On the formidable task of creating a new program that presents and addresses these issues of diversity and inclusion in a more academic light, “We’re going to have to feel our way more carefully,” Stephenson said. “But that’s an area of interest that at least some voices on the faculty are really interested in pursuing.
The draft report also explicitly recommends various assessment techniques and structures to ensure Swarthmore follows through on its renewed commitment on each front.
LaMar, the College’s Equal Opportunity Director, is charged with some of these assessment tasks. She said that while Swarthmore has prioritized diversity and inclusion for the whole of her fourteen years as an administrator, there’s much more that can be done now. Of the committee’s recommendations, LaMar said, “I think it’s really revolutionary for us.”
Braun said she hoped students would put the current push in historical context. “This is part of a long continuum and a long history at the college, and it’s really important to keep that all in context.”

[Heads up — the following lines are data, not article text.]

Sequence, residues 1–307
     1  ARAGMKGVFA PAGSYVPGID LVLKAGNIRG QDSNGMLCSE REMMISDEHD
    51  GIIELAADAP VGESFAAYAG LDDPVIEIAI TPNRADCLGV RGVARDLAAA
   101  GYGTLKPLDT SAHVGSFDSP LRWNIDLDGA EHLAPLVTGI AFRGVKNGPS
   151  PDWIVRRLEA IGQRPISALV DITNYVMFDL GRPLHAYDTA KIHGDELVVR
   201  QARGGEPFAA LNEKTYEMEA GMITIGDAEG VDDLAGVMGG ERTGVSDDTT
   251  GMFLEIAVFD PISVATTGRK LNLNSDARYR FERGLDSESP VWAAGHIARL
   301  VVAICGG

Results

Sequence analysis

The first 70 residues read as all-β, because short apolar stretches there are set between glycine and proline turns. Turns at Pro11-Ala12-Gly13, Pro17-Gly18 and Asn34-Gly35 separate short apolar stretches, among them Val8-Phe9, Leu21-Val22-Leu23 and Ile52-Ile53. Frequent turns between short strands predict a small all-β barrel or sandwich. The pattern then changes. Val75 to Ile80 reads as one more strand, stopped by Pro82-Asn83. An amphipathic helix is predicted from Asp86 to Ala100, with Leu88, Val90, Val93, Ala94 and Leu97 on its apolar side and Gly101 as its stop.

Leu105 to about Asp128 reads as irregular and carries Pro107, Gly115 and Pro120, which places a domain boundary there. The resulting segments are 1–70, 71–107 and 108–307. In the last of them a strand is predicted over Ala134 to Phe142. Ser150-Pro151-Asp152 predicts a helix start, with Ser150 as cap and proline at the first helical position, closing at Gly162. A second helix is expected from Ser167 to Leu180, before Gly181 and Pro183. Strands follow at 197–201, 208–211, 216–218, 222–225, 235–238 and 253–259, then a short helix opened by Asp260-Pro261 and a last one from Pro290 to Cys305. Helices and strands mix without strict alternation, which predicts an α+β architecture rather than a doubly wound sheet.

Rodriguez said that history is part of the reason she was drawn to the Diversity, Inclusion, and Community Development position. At Swarthmore, “The inclusion of women at the beginning means it’s an institution that has always sort of rebelled,” she said. “I definitely saw [Swarthmore] as a really courageous community.”
She said she sees this courage as motivation to move forward to solve tangible problems. Along with the other members of the committee, she hopes that students recognize that the purpose of this draft report isn’t to simply prolong further discussion. The real goal for this committee has been implementation and physical change.
“It’s no longer just about trying to get the community to sing Kumbayah on the mountaintops,” she said. “It’s an actual science to it: how do we do this, how do we implement this, how do we know whether it’s working? And then how do we determine what the skill sets are that we want everybody to learn: facilitation, mediation, respect?” Braun said.
Rodriguez continued, “The leadership right now is saying, ‘Let’s more than just survive this moment, let’s actually use this as an opportunity to push ourselves to be leaders.’ And that’s just too exciting, and I want to be a part of that.”
This article has been modified to reflect some changes requested by Dean of Students Liz Braun, regarding the time frame of the committee’s formation and plan of action.